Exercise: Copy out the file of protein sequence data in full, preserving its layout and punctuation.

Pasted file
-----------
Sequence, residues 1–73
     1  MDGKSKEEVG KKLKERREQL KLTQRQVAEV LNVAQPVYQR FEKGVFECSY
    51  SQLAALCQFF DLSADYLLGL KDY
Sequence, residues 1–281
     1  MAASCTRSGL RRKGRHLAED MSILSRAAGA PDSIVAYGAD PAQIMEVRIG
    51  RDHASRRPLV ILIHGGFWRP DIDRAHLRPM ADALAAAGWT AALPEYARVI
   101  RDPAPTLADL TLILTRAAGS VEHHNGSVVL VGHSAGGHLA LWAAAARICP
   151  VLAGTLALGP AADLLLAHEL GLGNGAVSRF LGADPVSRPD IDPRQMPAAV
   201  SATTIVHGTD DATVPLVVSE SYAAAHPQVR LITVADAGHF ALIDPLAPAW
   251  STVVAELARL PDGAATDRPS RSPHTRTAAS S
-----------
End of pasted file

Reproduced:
Sequence, residues 1–73
     1  MDGKSKEEVG KKLKERREQL KLTQRQVAEV LNVAQPVYQR FEKGVFECSY
    51  SQLAALCQFF DLSADYLLGL KDY
Sequence, residues 1–281
     1  MAASCTRSGL RRKGRHLAED MSILSRAAGA PDSIVAYGAD PAQIMEVRIG
    51  RDHASRRPLV ILIHGGFWRP DIDRAHLRPM ADALAAAGWT AALPEYARVI
   101  RDPAPTLADL TLILTRAAGS VEHHNGSVVL VGHSAGGHLA LWAAAARICP
   151  VLAGTLALGP AADLLLAHEL GLGNGAVSRF LGADPVSRPD IDPRQMPAAV
   201  SATTIVHGTD DATVPLVVSE SYAAAHPQVR LITVADAGHF ALIDPLAPAW
   251  STVVAELARL PDGAATDRPS RSPHTRTAAS S